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Danny Hardaway, Texas Tech's First African-American Athlete

I asked the Saturday before last who was Texas Tech's first Afircan-American football player. I had a number of readers email me that it was Danny Hardaway, from Lawton, Oklahoma.

I took it upon myself to look a little into Danny Hardaway, who was the the first African-American athlete to receive a scholarship at Texas Tech. Way back on February 7, 1999, the Lubbock Avalanche Journal talked with Danny Hardaway about his experiences at Texas Tech. Hardaway had this to say about why Texas Tech chose him:

''Being the first African-American to get a scholarship there, I guess I was kind of anxious initially,'' Hardaway said Tuesday from his home in Aurora, Colo. ''It was also the first time I ever had a white roommate. It was different, but I was brought up as an army brat. I could deal with it.

''Maybe that's why they (Tech) chose me. I had a background in a white school that had a large black population. They probably felt I could answer the challenge without too many problems. Racism was certainly around. I'm not going to fool myself about that. But I was kind of sheltered from most of that. I'm sure a lot of people didn't like the idea of me being around, but I didn't see a lot of it Ð not in my face, so to speak.''

Hardaway was a 6'3" and 205 pound athlete was initially recruited as a receiver by J. T. King but was switched to running back. Hardaway's first year was spent playing on the freshman team (at that time, freshmen weren't allowed to play on the varsity) and he was given Donny Anderson's number 44 when Hardaway suited up in 1969.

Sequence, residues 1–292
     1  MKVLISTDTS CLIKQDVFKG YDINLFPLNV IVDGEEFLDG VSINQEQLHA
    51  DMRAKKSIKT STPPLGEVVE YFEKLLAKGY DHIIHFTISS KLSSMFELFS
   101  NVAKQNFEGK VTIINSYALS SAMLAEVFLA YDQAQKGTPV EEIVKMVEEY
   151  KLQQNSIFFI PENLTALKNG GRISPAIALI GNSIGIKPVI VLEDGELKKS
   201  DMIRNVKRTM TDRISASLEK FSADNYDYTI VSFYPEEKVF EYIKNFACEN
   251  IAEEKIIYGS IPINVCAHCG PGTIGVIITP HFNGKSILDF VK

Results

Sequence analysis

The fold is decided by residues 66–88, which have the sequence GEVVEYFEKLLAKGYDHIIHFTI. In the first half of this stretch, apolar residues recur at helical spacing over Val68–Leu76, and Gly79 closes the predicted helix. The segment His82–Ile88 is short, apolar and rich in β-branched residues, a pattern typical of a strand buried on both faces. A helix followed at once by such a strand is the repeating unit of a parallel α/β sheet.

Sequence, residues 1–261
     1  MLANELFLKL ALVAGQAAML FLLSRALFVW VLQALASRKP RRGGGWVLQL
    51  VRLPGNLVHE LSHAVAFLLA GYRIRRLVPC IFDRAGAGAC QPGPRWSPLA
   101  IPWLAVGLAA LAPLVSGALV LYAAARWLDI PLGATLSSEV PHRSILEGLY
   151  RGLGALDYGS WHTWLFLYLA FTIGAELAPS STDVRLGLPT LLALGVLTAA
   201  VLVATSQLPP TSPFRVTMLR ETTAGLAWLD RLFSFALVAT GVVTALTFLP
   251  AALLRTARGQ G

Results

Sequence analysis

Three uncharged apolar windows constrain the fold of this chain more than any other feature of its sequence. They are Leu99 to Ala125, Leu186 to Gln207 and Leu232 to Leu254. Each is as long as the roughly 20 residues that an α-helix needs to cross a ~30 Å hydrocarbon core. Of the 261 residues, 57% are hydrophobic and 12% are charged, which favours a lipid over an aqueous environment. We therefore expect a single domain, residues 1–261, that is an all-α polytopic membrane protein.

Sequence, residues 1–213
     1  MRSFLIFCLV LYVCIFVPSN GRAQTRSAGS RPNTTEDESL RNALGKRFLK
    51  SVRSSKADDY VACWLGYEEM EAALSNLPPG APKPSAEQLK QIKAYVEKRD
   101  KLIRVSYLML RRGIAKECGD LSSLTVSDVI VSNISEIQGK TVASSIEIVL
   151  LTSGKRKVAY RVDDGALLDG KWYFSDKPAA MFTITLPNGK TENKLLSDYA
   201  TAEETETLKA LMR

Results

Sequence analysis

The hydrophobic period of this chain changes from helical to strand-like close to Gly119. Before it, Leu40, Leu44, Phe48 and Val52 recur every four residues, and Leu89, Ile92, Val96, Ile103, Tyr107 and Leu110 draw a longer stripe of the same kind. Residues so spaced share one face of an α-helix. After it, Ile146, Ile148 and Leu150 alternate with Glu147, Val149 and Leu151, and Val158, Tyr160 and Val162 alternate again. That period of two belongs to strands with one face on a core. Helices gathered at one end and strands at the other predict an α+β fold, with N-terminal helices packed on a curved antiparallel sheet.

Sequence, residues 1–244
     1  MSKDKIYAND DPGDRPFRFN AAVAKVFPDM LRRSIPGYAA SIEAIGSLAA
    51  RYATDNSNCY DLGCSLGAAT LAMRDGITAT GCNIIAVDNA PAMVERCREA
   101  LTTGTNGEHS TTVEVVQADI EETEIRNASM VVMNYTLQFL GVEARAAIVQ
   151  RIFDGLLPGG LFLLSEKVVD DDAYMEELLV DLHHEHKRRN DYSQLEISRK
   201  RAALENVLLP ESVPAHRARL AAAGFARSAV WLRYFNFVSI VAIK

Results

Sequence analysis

In 1969, Hardaway was the leading rusher with 159 attempts and 483 yards. Hardaway also led the team with 659 total yards.

In 1970, Jim Carlen was hired and apparently Hardaway and Carlen got off on the wrong foot as Hardaway was reduced to a kick returner, 15 returns for 288 yards. Here's Hardaway on Carlen:

''I had problems with coach Carlen,'' Hardaway said. ''I guess he didn't feel I should be getting all the praise and attention I was getting. He took number 44 away from me, and I had been very proud to wear the jersey Donny Anderson wore. That was the first thing. He gave me number 31. I also got into some problems, academically, and he basically turned his back on me and didn't work with me or help me the way I thought he would.

''There were other things, too. They changed the offense in a way that wasn't appealing to me. It came down to whether I wanted to stay there and not play ball or transfer for my last year. I still wanted to play pro ball, so I chose the transfer route.''

It seems as if there were issues on both sides, but considering the pressure that Hardaway was under, you would think that a coach would be a little more understanding or perhaps compassionate. Of course, from Hardaway's perspective, he probably should have know that he wasn't going to get any favors being the first African-American athlete at Texas Tech.

There's no mention of Hardaway being Texas Tech's first African-American scholarship athlete. There's no mention in the official media guide, at least in the 2007 version other than those stats listed above. There's no mention of Hardaway on Texas Tech's official athletic website. There isn't a search function, but I looked as best I could. I thought that Texas Tech maybe would have placed Hardaway in the Texas Tech Hall of Honor, but Hardaway is no where to be found. At first I thought that perhaps this was a case of Hardaway not receiving his degree, which would explain why he's not included, but at least according to the front page of the Texas Tech Hall of Honor, this isn't a requirement.

Apparently there is some audio where Coach J.T. King discusses Hardaway, but it's not available on the internet. I suppose that you would have to go to the library to take a listen. If anyone else knows how to post this or how to get the audio, let me know.

The most complete history on the subject of the first African-American players at the old Southwest Conference schools is from Richard Pennington, Racial Integration of College Football in Texas (from Invisible Texans). If you didn't read this last week then you should take the time to read it now.